We’ve been chatting to Kaos Studios’ Dave Votypka about the upcoming THQ-published game, Homefront. The studio has stated before that Valve’s Half-Life 2 is a big inspiration for the game, and we wanted to know how deep that inspiration runs.
“For me personally, Half-Life 2 is probably the best overall shooter experience made to date,” he says. “I view entertainment as escapism, and that can take many forms, but being able to step out of our everyday existence into an alternate world for a little while is magical, whether it’s with a book, a movie, or a game. The games I most enjoy playing, and creating, are ones that create a compelling game world that focuses on supporting immersion as much as possible.
“Half-Life 2 created, what I call, a world reminiscent of the book 1984; and the techniques they used to deliver it supported immersion and escapism into their world more than any other shooter has. Their no cutscene approach was a huge part of this, never pulling the player out of their cognitive immersion, which so many games often do with various interruptions. Seamlessly transitioning between combat, story and character moments, goes a long way towards maintaining immersion.”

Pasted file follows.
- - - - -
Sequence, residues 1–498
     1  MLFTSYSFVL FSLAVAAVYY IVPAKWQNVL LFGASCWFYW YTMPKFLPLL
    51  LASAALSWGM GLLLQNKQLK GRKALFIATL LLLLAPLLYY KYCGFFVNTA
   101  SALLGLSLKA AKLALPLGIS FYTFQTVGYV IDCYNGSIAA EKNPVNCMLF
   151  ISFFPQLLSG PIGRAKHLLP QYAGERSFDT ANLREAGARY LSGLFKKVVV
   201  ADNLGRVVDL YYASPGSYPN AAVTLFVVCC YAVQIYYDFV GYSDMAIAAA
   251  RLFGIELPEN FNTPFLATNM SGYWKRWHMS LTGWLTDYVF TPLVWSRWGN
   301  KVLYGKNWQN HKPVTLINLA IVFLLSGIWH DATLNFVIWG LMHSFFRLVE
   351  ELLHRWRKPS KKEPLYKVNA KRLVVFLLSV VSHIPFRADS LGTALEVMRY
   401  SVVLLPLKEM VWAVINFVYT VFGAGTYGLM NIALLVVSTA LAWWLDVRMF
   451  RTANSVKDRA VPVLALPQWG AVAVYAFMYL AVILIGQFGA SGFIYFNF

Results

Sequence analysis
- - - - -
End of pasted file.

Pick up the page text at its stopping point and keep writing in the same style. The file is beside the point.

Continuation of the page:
He goes on to talk about how Homefront is learning from Half-Life 2: “With Homefront, the occupation USA setting provides us with the opportunity to create a deep game world; one that can be very interesting to escape to and experience. Therefore, we wanted to maximize player immersion with our world, and we drew inspiration from what Valve did with the techniques they used to deliver theirs.
“That said, we’ve put a large focus on environmental narrative (what you see tells you its own story), having civilians throughout most of the game and seeing how they are affected by the cost of war, as well as allied character depth and development (emotions and human flaws). By letting the game world drive the ideas in these areas, one of the results is what we call “why we fight” moments, where the player experiences all of the items above during gameplay, and as a result has a much stronger emotional connection and reason to pick up the gun.”
Sounds good to me. Very few would argue that Half-Life 2 isn’t a bloody great first-person-shooter, and any game that aspires to its lofty goals deserves all the encouragement it can get. That said, do you agree that HL2 is the peak of the shooter genre? Let us know!